Martón Gulyas is only 26 years old but has already worked as general manager and theater director with the production company Krétakör for more than six years. He is one of the most active figures of the Human Platform, a loose but functioning network of activists from diverse fields of society. Artists, social workers, health care personal and further groups are part of it and took the streets in December along with the students, who protest budget cuts. How and why all that started and how all that is connected to the students’ protests, Martón explained in an interview with buendia bee.
A shorter German version of the interview will be published on progress-online.at
buendia bee: Martón, thank you for your time. What brought you to that movement of students and pupils that is currently engaging the government?
Martón: I am not a student and I have never been one. I work with the theater ensemble and production company Krétakör as a managing director and a director as well. In autumn 2012 many theaters got into financial troubles. We, at first only a network of independent theaters, decided to stop arguing with the government but to be pushy and go to the streets instead. That time there was a chance to engage not only cultural activists but also all that human sectors like health care, education, social issues and in just two weeks all the movement appeared. Then we organized a demonstration with 27 fellow organizations and there, together with the students, we spoke in front of 4.000 people. This was the beginning of the Human Platform.
There are three main actors in the current movement. One is HÖOK, the official students’ union, the second and even more influential is the independent Student Network called Haha [Hallgatói Hálózat] and there is the Human Platform.
Then came Christmas and New Year and now we don’t know if the students’ movement is strong enough to continue. From my point of view this was not the end. Human Platform still tries to influence not only the students but all the sectors that are engaged. Within several weeks we plan to start an [internet] TV channel. At the moment we work on a short clip to explain the students’ demands. This tool is necessary because there were protests in smaller cities, where there is no TV channel, no local papers that would be ready to report about the issue.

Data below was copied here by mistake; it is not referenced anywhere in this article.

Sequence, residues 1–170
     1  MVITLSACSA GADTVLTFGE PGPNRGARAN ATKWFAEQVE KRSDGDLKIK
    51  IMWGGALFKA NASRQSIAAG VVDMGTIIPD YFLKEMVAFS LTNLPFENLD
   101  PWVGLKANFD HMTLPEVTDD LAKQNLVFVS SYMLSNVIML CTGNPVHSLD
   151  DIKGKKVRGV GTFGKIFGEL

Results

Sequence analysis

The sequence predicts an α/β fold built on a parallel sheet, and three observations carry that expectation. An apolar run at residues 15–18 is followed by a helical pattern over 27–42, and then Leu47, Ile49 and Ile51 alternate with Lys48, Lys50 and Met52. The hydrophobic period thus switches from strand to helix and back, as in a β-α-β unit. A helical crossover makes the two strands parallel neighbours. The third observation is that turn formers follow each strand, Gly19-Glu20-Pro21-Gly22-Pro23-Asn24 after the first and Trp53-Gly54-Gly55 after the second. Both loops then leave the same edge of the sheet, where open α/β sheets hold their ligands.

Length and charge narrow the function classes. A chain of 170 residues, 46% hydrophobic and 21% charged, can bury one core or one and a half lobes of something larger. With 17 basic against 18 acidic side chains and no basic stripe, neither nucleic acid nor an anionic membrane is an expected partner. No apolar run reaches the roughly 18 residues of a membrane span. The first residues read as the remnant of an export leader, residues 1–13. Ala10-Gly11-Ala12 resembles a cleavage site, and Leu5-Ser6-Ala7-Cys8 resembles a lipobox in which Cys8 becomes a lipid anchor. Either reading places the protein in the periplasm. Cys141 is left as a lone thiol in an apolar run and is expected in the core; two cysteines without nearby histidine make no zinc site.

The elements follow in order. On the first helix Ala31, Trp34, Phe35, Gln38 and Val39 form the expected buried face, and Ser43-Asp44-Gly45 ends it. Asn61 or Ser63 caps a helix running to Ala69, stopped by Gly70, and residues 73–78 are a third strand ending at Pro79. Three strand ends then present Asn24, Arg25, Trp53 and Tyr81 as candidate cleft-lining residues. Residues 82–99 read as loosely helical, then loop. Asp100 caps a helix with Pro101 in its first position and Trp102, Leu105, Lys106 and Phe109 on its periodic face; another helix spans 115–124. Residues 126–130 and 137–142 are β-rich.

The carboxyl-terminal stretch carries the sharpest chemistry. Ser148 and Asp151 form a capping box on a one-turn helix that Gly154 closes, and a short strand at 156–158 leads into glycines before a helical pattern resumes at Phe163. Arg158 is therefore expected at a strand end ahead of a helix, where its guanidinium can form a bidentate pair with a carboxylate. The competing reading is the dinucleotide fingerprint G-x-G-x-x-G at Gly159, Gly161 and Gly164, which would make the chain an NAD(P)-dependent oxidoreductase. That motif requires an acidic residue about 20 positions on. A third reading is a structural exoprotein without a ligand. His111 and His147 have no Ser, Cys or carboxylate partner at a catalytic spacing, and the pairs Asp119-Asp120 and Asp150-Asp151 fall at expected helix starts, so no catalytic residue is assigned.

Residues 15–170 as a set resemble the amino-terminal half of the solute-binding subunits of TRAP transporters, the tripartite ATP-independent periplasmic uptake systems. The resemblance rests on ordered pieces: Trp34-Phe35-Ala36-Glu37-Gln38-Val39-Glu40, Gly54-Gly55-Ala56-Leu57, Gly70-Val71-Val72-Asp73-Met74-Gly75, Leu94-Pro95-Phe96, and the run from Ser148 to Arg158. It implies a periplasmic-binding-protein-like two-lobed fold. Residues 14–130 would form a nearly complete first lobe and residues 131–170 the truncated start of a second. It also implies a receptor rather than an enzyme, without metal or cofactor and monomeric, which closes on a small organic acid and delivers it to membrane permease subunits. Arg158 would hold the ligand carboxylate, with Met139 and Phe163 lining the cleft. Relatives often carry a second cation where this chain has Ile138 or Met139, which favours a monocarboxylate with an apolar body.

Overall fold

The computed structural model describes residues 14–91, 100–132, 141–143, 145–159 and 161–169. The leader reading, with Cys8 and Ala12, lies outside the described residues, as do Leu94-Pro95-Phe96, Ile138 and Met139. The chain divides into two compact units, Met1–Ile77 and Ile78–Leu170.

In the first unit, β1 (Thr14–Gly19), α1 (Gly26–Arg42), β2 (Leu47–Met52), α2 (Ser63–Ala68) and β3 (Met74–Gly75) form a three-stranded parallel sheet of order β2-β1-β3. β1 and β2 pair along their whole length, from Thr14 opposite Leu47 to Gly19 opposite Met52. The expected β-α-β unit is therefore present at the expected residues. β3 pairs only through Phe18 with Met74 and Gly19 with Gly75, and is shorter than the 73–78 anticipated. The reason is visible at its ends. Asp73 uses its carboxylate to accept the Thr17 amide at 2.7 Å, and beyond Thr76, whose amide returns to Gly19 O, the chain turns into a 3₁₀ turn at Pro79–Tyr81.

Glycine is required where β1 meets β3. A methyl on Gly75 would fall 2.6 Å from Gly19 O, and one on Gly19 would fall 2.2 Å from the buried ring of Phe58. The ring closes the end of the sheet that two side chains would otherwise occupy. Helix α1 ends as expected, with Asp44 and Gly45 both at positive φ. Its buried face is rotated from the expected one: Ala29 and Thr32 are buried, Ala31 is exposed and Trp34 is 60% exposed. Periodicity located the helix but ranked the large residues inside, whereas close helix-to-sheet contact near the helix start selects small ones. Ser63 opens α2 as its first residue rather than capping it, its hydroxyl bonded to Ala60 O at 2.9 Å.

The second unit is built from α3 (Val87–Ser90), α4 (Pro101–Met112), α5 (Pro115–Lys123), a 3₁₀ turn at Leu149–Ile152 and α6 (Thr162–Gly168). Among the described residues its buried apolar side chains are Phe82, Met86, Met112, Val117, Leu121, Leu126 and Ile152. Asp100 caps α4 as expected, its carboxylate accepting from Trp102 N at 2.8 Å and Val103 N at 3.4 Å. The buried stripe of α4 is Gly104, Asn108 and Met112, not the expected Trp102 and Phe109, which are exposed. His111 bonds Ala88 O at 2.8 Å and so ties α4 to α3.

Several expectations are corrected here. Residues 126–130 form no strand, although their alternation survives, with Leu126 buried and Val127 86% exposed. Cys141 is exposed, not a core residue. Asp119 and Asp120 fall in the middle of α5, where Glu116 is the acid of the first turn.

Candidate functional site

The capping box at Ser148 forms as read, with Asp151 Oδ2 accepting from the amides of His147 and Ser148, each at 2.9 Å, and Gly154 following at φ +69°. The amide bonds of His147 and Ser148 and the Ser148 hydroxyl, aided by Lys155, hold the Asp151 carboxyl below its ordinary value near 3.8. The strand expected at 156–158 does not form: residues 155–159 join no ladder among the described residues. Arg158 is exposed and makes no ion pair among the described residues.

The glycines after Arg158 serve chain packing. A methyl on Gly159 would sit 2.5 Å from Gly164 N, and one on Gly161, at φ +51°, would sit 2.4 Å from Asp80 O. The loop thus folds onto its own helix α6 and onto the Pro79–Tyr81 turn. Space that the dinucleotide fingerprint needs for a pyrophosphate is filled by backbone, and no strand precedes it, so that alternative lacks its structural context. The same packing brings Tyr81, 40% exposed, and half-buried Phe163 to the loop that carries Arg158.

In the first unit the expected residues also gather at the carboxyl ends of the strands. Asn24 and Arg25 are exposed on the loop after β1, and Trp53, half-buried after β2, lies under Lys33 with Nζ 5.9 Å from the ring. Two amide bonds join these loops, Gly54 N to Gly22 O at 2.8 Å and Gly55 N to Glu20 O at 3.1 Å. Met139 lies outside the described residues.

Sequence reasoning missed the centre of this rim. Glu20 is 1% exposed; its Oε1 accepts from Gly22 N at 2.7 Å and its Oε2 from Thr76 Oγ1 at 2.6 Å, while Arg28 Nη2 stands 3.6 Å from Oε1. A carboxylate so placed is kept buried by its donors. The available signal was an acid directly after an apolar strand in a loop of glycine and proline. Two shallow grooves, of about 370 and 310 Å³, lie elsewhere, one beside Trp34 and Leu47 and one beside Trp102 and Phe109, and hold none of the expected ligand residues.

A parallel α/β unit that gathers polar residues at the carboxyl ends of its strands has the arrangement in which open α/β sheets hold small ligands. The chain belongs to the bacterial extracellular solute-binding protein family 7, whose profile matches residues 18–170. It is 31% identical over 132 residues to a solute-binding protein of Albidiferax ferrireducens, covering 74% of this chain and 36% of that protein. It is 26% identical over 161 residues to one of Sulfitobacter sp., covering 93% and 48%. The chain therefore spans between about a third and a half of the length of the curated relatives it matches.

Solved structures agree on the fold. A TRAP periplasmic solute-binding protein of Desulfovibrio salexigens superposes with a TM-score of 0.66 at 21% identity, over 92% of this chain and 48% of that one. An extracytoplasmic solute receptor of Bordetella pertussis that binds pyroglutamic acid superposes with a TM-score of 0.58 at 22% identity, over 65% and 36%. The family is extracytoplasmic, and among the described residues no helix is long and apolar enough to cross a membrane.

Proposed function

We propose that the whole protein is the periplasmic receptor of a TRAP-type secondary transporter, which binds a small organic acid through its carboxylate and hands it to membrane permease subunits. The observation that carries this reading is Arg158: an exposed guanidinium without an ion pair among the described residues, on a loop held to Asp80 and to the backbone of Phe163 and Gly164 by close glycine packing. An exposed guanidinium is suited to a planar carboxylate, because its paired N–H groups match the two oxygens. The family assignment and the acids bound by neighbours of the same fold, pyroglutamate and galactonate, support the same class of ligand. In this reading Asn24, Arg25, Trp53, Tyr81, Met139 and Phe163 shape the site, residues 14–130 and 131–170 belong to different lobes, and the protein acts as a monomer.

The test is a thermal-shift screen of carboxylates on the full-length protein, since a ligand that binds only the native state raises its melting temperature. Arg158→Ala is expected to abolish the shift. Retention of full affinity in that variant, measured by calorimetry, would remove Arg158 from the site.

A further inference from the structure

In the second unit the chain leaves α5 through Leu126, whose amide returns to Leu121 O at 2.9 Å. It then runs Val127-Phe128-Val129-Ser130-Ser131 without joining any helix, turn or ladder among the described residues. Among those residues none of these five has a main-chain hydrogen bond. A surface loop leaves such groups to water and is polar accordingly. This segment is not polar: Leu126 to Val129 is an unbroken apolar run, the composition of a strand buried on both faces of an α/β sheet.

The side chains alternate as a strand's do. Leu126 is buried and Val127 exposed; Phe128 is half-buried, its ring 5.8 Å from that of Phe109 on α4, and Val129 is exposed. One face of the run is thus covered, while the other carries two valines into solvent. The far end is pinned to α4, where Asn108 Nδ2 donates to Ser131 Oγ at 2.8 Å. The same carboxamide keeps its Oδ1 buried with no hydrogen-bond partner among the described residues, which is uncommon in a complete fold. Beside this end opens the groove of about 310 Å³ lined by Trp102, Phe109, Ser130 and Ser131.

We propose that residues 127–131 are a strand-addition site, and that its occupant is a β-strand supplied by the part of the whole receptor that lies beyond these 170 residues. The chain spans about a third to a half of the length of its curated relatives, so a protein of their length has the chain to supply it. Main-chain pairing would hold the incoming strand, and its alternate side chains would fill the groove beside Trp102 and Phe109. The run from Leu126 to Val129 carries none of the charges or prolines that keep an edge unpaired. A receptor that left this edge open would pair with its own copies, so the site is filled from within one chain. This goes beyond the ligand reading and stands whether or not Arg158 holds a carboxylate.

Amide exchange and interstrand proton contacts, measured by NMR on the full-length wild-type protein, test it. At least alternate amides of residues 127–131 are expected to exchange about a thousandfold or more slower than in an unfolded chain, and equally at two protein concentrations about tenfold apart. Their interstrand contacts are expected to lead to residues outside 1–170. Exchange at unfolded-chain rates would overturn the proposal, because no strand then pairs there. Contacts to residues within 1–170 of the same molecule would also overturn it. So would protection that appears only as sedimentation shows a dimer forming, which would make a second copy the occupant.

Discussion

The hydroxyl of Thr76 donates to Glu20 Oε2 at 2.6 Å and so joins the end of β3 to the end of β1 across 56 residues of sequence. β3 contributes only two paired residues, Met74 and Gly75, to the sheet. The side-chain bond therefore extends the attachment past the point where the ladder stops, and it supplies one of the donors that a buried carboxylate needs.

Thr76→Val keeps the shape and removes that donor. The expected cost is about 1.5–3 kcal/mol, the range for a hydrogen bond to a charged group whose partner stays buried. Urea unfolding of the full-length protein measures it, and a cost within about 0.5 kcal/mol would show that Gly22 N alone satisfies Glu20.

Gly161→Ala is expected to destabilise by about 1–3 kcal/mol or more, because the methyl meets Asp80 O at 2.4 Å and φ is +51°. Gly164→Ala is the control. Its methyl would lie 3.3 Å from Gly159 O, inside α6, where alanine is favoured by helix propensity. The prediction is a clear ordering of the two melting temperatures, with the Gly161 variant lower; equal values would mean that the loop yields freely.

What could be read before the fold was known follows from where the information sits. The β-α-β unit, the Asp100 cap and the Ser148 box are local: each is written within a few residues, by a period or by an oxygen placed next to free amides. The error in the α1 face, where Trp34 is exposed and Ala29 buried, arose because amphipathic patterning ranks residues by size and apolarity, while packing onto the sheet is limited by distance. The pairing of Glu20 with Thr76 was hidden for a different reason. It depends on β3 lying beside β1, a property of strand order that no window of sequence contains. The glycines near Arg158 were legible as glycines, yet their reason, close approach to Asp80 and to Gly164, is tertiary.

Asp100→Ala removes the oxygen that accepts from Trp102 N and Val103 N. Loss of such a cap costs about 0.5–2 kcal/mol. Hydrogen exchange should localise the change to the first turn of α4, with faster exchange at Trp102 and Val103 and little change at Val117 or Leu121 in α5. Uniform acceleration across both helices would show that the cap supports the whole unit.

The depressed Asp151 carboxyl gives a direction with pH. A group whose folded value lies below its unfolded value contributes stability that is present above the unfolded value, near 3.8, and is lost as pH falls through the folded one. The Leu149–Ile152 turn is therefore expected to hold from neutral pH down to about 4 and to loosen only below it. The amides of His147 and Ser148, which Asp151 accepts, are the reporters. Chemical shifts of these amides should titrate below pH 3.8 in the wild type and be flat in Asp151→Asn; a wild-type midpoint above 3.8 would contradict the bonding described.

THE BIGGER PICTURE
buendia bee: I already spoke to the students’ union but I guess you see their problems more as a part of the wider political field in Hungary and not so much as an isolated problem of the students and pupils? What does the bigger picture look like?
Martón: Hungary is a poor country but it is not as poor as we are told. There is a lot of money around but there is also big, big corruption at every level of society, not only in the state structures but also in the public sector. That’s one of the main issues because our economy and our state as well can’t function properly under these circumstances. So many people haven’t realized yet that there is a lot of money around but there is no money in the human sectors, which are fundamental for the well-functioning of the society. For me, the main aim of Human Platform is to convince the people to be critical and catch this corruption. We convince the people to belief that there would be enough money for good education and good health care, if we forced them to give it to the right people. The Orbán-government is the sixth after the change [of 1989, A] and none of them spent enough awareness on the needs of the people. You have no chance in Hungary to live like a human if you are not rich. And this is not only left-side ideology, because also many conservative people agree with us. They also see people sleeping on the streets, freezing and dying. And this happens here in the capital, here in Hungary. It’s a shame.
We are not socialized in a way that makes us taking care of each other. We learned: Just do your stuff, follow your way and if you are strong enough you will probably win. The last 24 years have shown, how that way of thinking about society makes troubles, produces solitude and doesn’t have a future. When the current mayor of Budapest was elected, in his first speech in front of his supporters he named four problems Budapest would have to face: the second point was the homeless people on the streets. That was an absolutely cynical, aggressive attack which is absolutely unacceptable.
There was a local mayor in a suburb of Budapest who literally destroyed the building the homeless had built. He demolished people’s home! Of course the construction was not legal, but that’s not a problem of these people but one of the system. Why is it illegal?, is the right question. Why don’t these people have any other way to live? This is a level of cynicism that, people realize now, doesn’t do any good.